The Si now changes direction in a smooth but crisp manner and the body stays flat and buttoned down. The steering is phenomenal: light at low speeds and weights up naturally and firmly when you start to turn harder and faster. Understeer is minimal but it will forever be the bane of a front-wheel drive setup this side of a Type R. The wheels will still chirp and the steering will mumble and whirl around when you’re adding power and turning, but the overall experience is more thrilling than before. The suspension may be stiffer and potholes may be more apparent, but it was never taxing enough for me to spend another second in Normal Mode.
The design of the Si Coupe, while already radical and sporty in the standard Civic Coupe, is given even more aggression in the form of a revised front bumper, mail-slot exhaust tip, and a hefty rear spoiler to complement the full-width light bar. The design is reserved when compared to the Gundam Type R and I wouldn’t call either of them handsome, but the Civic Si is definitely attractive enough for its main boy-racer audience to find emotionally appealing.
The interior is quite the opposite. Bland and uninspiring, Honda didn’t do much to spruce up this cabin other than by adding sportier front seats, red stitching throughout, aluminum sport pedals, red lighting around the gauges, a leather shift boot, and an aluminum shift knob. The scratchy fabric they used to cover the armrest and door lining was rough enough to earn some complaints from our passengers. On the bright side, the layout of controls and storage cubbies are great. The center storage tunnel is well engineered with deep pockets, a wide portal, and it has slidable compartments to fit your drinks, keys, and wallets.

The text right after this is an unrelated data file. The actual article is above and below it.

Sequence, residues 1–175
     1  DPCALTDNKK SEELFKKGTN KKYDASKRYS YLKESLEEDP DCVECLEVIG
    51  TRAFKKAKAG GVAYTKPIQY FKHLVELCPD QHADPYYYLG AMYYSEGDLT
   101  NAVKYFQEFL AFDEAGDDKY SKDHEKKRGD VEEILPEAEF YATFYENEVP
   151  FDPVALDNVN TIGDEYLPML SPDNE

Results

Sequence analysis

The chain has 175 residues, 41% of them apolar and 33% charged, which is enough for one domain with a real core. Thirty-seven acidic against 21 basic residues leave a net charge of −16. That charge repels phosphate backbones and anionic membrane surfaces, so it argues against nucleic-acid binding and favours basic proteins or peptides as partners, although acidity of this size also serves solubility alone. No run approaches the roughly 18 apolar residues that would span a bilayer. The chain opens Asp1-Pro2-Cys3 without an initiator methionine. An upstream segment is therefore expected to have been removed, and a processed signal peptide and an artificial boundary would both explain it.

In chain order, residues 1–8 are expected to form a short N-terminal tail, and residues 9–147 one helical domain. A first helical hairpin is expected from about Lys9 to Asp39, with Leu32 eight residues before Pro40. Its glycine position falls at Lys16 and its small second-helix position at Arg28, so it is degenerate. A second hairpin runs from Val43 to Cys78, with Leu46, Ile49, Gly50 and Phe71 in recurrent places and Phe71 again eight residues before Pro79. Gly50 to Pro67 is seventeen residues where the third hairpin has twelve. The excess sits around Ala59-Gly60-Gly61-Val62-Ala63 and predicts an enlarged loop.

And don’t forget that the Civic Si also comes in a four-door variant. We had the opportunity to test both the Sedan and Coupe back to back, and they hardly felt any different in terms of performance. They handled with the same verve and vigour in Sport Mode, and the extra length of the Sedan did not hinder our experience. The Sedan has a more discreet rear spoiler and hence, appears less aggressive than the Coupe and less indistinguishable from the regular Civic. On the other hand, both models suffered from poor front and rear headroom, whereas legroom was more than abundant. There are even a few cupholders in the back of the Coupe.
Aside from the option of two- and four-door variants, and paint choices, the Civic Si only comes in one flavour. That means no blind spot monitoring, lane departure warnings, or the rest of Honda’s suite of safety technology. It does have LaneWatch, which utilizes a camera under the passenger’s side mirror that lets you view your right-side blind spot when changing lanes.
The Honda Civic Si has been greatly improved over its predecessor with the help of a buttoned down chassis and added power from the turbocharger. It has enthusiasm but ultimately lacks the drama and excitement that made me fall in love with the rivaling Volkswagen Golf GTI and Subaru WRX. The Si doesn’t stir the pot with its muffled exhaust and the engine, though powerful, just doesn’t feel eager to wake up from its slumber. If I had to put my money where my mouth is, I’d be going home with the Golf GTI. It may be a tad more expensive but it offers just as much practicality as the Civic Si Sedan but with better interior materials, overall refinement, and enough emotional appeal to keep me coming back for more.
型号 Model: 2017 Honda Civic Si Coupe
顏色 Paint Type: Rallye Red
廠方建議售價 Base Price: $28,890
試車售價 Price as Tested: $28,890
軸距 Wheelbase(mm): 2,700
長闊 Length/Width/Height (mm): 4,505 / 1,878 / 1,390
車重 Curb weight (kg): 1,330
引擎 Engine: 1.5-litre turbocharged inline-four
最大馬力 Horsepower: 205 hp @ 5,700 rpm
最高扭力 Torque: 192 lb-ft @ 2,100 - 5,000 rpm
波箱 Transmission: 6-speed manual
擺佈 Engine & Drive Configuration: Front engine, FWD
油耗 Fuel Consumption ( City / Highway / Combined ) L/100km: 8.4 / 6.2 / 7.4
油耗 Observed Fuel Consumption (L/100km): 8.8
輪胎尺碼 Tires: P235/40R18